The Men Who Lost Singapore, 1938-1942
By Ronald McCrum
The British military failure against the Japanese invasion of Singapore in 1942 is a well-documented and closely examined episode. While attention is frequently drawn to the role of the Colonial Governor and his staff during this period, the participation of the civil authorities has not been subjected to the same rigorous scrutiny.
In this book, Ronald McCrum undertakes a close examination of the role and the responsibilities of the colonial authorities both in the lead-up to the war and during it. He contends that the colonial government, by pursuing different priorities, needlessly created distraction and confusion. Additionally, the poor, even hostile, relations that developed between the local government and the British military hierarchy impeded a joint approach to the growing threat and affected the course of this campaign. McCrum displays how the tawdry management of civil defence matters led to unnecessary loss of civilian life.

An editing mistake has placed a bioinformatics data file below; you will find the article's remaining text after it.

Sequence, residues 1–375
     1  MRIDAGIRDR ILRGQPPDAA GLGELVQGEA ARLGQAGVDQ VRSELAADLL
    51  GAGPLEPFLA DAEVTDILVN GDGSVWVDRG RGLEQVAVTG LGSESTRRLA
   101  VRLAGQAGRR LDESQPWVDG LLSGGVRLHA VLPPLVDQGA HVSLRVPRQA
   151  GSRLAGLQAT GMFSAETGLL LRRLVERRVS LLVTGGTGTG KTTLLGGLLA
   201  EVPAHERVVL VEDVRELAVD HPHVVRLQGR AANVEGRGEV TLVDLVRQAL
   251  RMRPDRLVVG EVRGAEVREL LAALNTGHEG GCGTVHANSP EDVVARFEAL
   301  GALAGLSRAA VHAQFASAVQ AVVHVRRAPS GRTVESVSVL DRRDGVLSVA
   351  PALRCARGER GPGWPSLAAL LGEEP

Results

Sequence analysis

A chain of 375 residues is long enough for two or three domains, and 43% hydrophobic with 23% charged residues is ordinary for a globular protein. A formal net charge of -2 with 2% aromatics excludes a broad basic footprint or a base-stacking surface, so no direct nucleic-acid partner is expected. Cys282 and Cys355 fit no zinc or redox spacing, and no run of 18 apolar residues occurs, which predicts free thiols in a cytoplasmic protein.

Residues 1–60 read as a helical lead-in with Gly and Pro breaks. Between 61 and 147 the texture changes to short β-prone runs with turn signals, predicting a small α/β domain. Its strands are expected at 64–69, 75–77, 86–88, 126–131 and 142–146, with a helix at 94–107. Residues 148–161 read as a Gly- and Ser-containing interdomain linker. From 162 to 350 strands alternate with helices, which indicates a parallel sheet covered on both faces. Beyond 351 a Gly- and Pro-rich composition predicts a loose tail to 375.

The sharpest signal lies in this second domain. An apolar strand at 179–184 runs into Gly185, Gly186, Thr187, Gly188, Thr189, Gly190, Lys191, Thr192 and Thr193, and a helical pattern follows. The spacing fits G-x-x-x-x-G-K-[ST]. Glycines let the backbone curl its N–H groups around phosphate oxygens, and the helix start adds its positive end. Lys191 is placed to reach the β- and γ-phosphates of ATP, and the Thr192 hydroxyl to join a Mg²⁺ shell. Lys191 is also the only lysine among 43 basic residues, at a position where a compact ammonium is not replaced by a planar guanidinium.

"Considering how much has been written about this campaign, and for how long, the outcome is impressive: there are fresh considerations and arguments in this very good study that every student of the Malayan Campaign and the Fall of Singapore, not to mention the war between the British Empire and Imperial Japan, will need to engage."
Brian P. Farrell, National University of Singapore
“It is a must-read for anyone wishing to understand why Singapore's fall occurred in the manner it did."
Greg Kennedy, King's College, London
Ronald McCrum is a retired British Army Officer and military historian.
Publication Year: 2017
296 pages, 229mm x 152mm
10 b/w photographs